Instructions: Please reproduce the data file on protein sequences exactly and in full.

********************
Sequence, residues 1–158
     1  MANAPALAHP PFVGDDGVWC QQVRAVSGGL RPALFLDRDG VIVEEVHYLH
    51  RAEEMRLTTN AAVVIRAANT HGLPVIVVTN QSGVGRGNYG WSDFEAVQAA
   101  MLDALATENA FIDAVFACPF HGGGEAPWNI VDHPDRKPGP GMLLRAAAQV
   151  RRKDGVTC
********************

Sequence, residues 1–158
     1  MANAPALAHP PFVGDDGVWC QQVRAVSGGL RPALFLDRDG VIVEEVHYLH
    51  RAEEMRLTTN AAVVIRAANT HGLPVIVVTN QSGVGRGNYG WSDFEAVQAA
   101  MLDALATENA FIDAVFACPF HGGGEAPWNI VDHPDRKPGP GMLLRAAAQV
   151  RRKDGVTC